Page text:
Myth #3: You need to eat more protein to lose weight/carbohydrates make you fat
If you are overweight, you have eaten too many calories for your needs. It's that simple. Protein and carbohydrate yield 4 calories per gram, while fat contains 9 calories per gram. If you eat too much of any of these macronutrients, you will gain weight or find it impossible to lose it. Doing complicated calculations to achieve a precise ratio of proteins:fats:carbohydrates won't change the fact that you're taking in more energy than you're burning off. Instead, keep your focus on micronutrient-per-calorie-density, or maximising the amount of vitamins, minerals, antioxidants and other phytochemicals you obtain per calorie - what I call 'maximum nutrient bang for your calorie buck'. Although I'm not an advocate of starch-based diets (because they supply insufficient micronutrients for optimal health) it's pretty hilarious to blame starches for making people fat. Asian people have traditionally eaten large quantities of rice and remained slim. It's only when they migrate to urban areas of their own countries, or to other countries, and start eating more animal-based foods, that they become overweight.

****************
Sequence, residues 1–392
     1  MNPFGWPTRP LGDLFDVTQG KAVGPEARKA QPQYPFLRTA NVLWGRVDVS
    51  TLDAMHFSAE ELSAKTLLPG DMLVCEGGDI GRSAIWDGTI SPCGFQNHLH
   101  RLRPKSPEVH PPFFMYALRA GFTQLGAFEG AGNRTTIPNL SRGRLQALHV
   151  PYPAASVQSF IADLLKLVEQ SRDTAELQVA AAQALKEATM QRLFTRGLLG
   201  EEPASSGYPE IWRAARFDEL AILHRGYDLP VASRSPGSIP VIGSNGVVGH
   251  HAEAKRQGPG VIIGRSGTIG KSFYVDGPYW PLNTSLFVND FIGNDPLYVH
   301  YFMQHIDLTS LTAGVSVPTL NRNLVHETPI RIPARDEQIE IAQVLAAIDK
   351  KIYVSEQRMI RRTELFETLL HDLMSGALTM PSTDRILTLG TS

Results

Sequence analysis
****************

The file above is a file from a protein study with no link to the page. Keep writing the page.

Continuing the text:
A study of over 10 000 American adults (2), conducted by researchers employed by the US Department of Agriculture (a body which has advocated the consumption of copious amounts of animal-derived foods since its inception), found that those who consumed the greatest percentage of their daily calories as carbohydrate, ate fewer calories overall and had the lowest body mass index (BMI) - that is, they were the slimmest. So much for carbs making you fat!
Myth #4: Your blood type determines your protein requirement
The popularity of Peter D'Adamo's blood type diet is staggering. What's even more staggering is the complete lack of scientific evidence for the dietary recommendations D'Adamo makes. I could go on and on about the glaring scientific errors in his bookss, including the claim that type Os are predisposed to hypothyroidism because they don't make enough iodine (duh!!!! Iodine is a mineral - no one makes it, we have to consume it in our diet); the fact that there is no biochemical research that supports his claim that lectins in food react differently with the A, B and O antigens; and his assertion that agglutination reactions he has observed with blood taken from people and mixed with lectins that have not undergone the processes of digestion, would also happen in vivo i.e. inside the living body - for which there is no evidence whatsoever. Neither D'Adamo nor any of his followers have ever published any scientific trials of the blood type diet.